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Shilling Canning Company - Chef-Owner Reid Shilling's Wood-Fired, Mid-Atlantic Cooking at Navy Yard

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Thanks. Now I think I recall his saying something in a chat in regard to a query that he thought it was kind of meh.

And I have to say, the one comment on that review that it was weird the menu had no salads, especially in the summer, was a point I had totally missed.

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12 hours ago, zgast said:

Tom Sietsema didn't seem to be a big fan.

I can't read this, but here are some free-access pages:

Mar 31, 2017 - "Shilling Canning Company Will Bring Mid-Atlantic Cuisine to Navy Yard" by Jessica Sidman on washingtonian.com
Apr 3, 2017 - "Chef from The Dabney Opening Shilling Canning Company, at the Arris in Early 2018" on popville.com
Jul 8, 2019 - "A Dabney Alum Opens a Peak Chesapeake Restaurant in Navy Yard this Week" by Gabe Hiatt on dc.eater.com
Jul 9, 2019 - "Mid-Atlantic Restaurant Shilling Canning Company Opens in Navy Yard with Wood-Fired Chesapeake Cooking" by Anna Spiegel on washingtonian.com
Jul 10, 2019 - "What To Eat at Shilling Canning Co., Navy Yard's New Hub for Mid-Atlantic Cooking" by Gabe Hiatt on dc.eater.com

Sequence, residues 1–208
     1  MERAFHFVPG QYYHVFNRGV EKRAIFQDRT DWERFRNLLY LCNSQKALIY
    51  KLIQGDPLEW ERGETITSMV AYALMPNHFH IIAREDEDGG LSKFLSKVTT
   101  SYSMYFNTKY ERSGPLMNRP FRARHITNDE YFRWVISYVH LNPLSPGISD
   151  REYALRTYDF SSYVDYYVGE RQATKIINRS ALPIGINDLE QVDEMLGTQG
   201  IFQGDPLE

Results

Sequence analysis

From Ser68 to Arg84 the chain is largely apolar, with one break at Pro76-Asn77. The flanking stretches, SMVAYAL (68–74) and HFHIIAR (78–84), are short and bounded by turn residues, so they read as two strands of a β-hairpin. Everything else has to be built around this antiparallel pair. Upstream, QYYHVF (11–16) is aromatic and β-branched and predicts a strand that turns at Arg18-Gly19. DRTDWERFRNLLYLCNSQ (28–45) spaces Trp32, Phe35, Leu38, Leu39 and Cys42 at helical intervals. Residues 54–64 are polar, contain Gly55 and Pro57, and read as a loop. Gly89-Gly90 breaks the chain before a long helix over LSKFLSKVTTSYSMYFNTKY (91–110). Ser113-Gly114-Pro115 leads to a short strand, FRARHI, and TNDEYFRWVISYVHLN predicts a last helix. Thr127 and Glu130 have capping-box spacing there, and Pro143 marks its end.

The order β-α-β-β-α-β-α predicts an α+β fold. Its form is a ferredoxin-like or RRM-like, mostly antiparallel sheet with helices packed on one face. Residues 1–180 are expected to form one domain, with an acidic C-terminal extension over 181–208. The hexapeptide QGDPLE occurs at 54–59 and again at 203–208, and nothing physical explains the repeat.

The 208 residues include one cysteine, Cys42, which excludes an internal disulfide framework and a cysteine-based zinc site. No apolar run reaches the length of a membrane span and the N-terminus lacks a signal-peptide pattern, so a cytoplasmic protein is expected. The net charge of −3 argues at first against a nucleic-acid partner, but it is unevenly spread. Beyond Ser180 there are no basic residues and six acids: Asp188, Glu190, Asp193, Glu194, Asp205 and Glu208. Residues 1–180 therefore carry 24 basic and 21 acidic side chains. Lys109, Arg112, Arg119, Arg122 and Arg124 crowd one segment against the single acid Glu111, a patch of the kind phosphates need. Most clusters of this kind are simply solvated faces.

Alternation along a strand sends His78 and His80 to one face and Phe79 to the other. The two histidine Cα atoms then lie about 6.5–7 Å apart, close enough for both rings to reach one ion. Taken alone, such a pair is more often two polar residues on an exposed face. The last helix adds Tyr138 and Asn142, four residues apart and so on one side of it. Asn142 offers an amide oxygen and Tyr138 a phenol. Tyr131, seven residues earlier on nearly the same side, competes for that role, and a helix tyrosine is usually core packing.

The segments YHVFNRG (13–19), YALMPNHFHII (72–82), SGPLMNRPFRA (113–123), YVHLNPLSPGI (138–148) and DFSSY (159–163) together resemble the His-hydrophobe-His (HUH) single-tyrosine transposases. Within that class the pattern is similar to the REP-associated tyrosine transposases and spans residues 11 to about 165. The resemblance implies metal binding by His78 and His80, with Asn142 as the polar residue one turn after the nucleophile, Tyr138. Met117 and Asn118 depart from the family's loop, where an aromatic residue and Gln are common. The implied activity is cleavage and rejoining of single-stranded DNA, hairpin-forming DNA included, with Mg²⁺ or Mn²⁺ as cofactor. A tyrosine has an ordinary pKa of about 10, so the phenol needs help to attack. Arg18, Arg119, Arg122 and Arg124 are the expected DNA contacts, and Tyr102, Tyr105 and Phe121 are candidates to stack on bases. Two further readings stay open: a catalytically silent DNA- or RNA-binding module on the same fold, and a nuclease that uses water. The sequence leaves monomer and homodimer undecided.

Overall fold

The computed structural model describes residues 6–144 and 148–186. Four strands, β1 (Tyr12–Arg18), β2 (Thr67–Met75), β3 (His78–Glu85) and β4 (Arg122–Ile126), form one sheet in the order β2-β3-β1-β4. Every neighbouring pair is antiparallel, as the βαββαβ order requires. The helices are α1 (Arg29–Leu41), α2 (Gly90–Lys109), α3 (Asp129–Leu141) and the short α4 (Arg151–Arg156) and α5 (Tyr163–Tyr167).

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My husband and I had a pleasant meal at the chef's counter, sampling 5 of the plates (one a "snack," one a side, and the others small plates.)

Far and away the best thing we ate was the Maryland Mushroom Tart, featuring hen of the wood, shiitake, and oyster mushrooms, veal jus, and madeira. At $9, it was a dear few bites but absolutely worth it, bursting with umami. I could have eaten an entire bowl of this. It resembled a mushroom pot pie in a teacup, an extraordinary mushroom pot pie. I would go back just to get this dish.

The biggest miss for me, also $9, was the Thick Cut Fries with garlic aioli, which I'd been looking forward to. I love potatoes in every form. These came arranged on a plate like Lincoln logs. There were maybe a dozen planks of potato. (I didn't count.)  I had read about the technique behind them, which sounded fascinating, but it turns out fries can be over-engineered.  The effect is to have the softness of mashed potatoes on the inside and crispness on the outside, which is a cool concept at least.  (Side note: I've had fries with that effect at Joselita, but they somehow worked better. They may not have been this thick.)  I also thought the aioli was a little too thin, but I'm not an aioli expert. My husband didn't have any complaints, though. He ate most of these.

Everything else was enjoyable and well-presented: Vines & Nightshades ($13) with tomatoes, squash, peppers, and herbs; Crispy Blue Catfish ($18) with succotash, "gazpacho vinaigrette," tomatoes, and pickle relish; and, Gnudi ($16) with sun gold tomato and Tomae cheese fondue,  baby summer squash, and basil. I sampled a bit of all of these. I thought the fish was especially well prepared. The "crispy" part was spot on.

We didn't order dessert but, since we were celebrating, they brought us two chocolate sandwich cookies filled with a lot of delicious cream. I was wondering if they were perhaps a variation on a macaron but didn't ask.

The ambiance of the restaurant has been carefully crafted. It's a beautiful place to have a meal, though sitting in the vicinity of a wood-burning oven on a day when temperatures were in the mid-90s was a bit surreal.  It must have been brutal for the people working right there.